Leaving the Best for Last: Feminasty by Erin Gibson

Feminasty: The Complicated Woman’s Guide to Surviving the Patriarchy Without Drinking Herself to Death

Erin Gibson
Grand Central Publishing
September 4, 2018

You know that old adage – if I don’t laugh, I’ll cry? Being a woman is hard; often-times unbearable. You have to laugh off the daily horrors or you won’t get through another day. But, Erin Gibson is tired of laughing it off and staying silent. She is done caring about what the patriarchy wants. She is here to be the nasty feminist who empowers women with knowledge about how the patriarchy runs and how we can collectively take it down with her collection of essays in Feminasty.

Feminasty: The Complicated Woman's Guide to Surviving the Patriarchy Without Drinking Herself to Death Erin Gibson (Writer) Grand Central Publishing September 4, 2018

Gibson tackles a host of issues in this book – from United States Vice-President Mike Pence, to periods, women in STEM (or lack thereof), the cosmetic industry, abortions, STDs, rape – a lot for a book that isn’t even 300 pages long. Her conversational and humorous tone makes the book feel even shorter; one races through the pages despite the amount of information contained within.

Feminasty opens with a doozy of an essay – ‘The Terrifying Prospect of Mike “Vaginas are the Devil’s Mouth Flaps” Pence. Here, Gibson outlines everything that Pence has done and said during his long career in politics that has had a detrimental impact on the women of the U.S. She highlights Pence, because according to Gibson: “Impeaching Trump is not the answer, because the next bozo in line is a guy who thinks The Handmaid’s Tale is a wish-fulfillment fantasy, like Field of Dreams, but with more state-sanctioned rape.”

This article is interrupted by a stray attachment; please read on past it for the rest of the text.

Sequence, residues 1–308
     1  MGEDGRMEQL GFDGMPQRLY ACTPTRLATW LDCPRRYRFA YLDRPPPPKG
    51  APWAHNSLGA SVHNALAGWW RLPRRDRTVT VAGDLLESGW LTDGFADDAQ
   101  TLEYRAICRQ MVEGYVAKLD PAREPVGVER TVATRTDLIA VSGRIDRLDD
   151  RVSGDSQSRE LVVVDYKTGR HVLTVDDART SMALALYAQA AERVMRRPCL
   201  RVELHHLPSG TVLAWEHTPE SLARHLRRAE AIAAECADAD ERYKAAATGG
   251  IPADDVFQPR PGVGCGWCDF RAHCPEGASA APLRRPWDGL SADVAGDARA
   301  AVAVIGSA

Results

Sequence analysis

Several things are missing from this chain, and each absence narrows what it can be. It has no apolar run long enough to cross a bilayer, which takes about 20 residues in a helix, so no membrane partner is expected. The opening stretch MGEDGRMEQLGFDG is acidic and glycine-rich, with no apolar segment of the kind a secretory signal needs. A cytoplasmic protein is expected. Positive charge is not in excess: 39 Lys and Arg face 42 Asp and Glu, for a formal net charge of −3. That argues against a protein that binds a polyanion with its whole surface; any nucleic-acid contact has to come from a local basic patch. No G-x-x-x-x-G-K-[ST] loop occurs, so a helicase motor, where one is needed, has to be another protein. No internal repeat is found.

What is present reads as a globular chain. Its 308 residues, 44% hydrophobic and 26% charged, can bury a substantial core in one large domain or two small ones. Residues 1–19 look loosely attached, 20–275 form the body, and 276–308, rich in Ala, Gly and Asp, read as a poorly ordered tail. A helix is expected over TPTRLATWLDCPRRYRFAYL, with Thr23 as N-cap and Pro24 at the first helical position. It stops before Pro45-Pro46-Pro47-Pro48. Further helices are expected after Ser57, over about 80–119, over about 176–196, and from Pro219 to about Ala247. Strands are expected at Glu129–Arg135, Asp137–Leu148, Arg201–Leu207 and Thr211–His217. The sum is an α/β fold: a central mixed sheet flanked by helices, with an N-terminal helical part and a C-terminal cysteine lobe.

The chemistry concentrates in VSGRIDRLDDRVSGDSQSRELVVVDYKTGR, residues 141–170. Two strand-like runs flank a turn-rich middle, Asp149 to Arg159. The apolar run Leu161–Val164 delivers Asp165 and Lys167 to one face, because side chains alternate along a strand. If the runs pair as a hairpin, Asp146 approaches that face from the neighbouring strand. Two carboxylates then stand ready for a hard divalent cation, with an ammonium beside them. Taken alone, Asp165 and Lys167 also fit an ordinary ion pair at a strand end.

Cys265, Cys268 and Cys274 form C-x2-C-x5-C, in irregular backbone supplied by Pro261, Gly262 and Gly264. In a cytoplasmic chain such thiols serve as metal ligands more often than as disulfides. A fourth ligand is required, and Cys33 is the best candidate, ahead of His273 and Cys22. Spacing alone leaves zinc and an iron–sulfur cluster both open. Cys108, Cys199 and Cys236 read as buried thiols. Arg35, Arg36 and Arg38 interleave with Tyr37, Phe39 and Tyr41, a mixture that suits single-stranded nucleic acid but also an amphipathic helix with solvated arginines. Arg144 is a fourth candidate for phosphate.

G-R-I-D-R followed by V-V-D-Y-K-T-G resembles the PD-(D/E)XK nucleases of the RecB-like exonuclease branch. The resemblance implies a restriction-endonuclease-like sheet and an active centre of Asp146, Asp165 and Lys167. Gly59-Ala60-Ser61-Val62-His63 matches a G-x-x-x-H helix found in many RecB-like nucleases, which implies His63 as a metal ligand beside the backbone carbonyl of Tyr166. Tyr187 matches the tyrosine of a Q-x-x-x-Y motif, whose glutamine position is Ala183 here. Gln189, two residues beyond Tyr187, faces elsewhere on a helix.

Gibson follows her diatribe against Pence with an essay about #MeToo and how to shut down people who stand against it. In her firing line are several female journalists who have either fought against the campaign or stood by the accused men who have finally been caught out because of it.  As Gibson reiterates, #MeToo takes nothing away from men and masculinity, instead, it is all about ensuring that “women are not operating out of sheer terror for their own safety.” We need those words emblazoned on every subway, honestly.

Female journalists aren’t the only ones under fire in Feminasty. Gibson also takes aim at female politicians who have stood in the path of women’s progress, like Phyllis Schlafly, who scuppered the Equal Rights Amendment from being passed, and Renee Ellmer who stood against an abortion bill for rape victims. Her most scathing retort is against Ivanka Trump, who Gibson calls a ‘Terminator’ because she feels nothing for the people her father publicly denigrates. These are not the women we need in politics, but the situation is so bad right now that it is bound to lead to some good women taking up cudgels on behalf of the marginalised, the only silver lining of this political fiasco.

But, where Gibson’s essay really shines is when she makes the personal political. Her descriptions of debilitating period pain will resonate with millions of women. Her experiences with male gynecologists, who are incredibly suspect in her eyes for their chosen profession, will make you gasp in horror even while you nod in recognition.

The stand-out essay in Feminasty is undoubtedly ‘Bankrupting the Makeup Men.’ You don’t need to know about makeup to appreciate the amount of research that has gone into this essay. In it, Gibson makes the horrifying discovery that an industry primarily begun by women for women is now almost entirely owned and profited off by men. The only way to make a stand against this is to not buy from them and Gibson lists all the female-owned companies that women can turn to for each product. Plus, Gibson has tested the products out on herself and swears by them, so there’s that legitimate endorsement.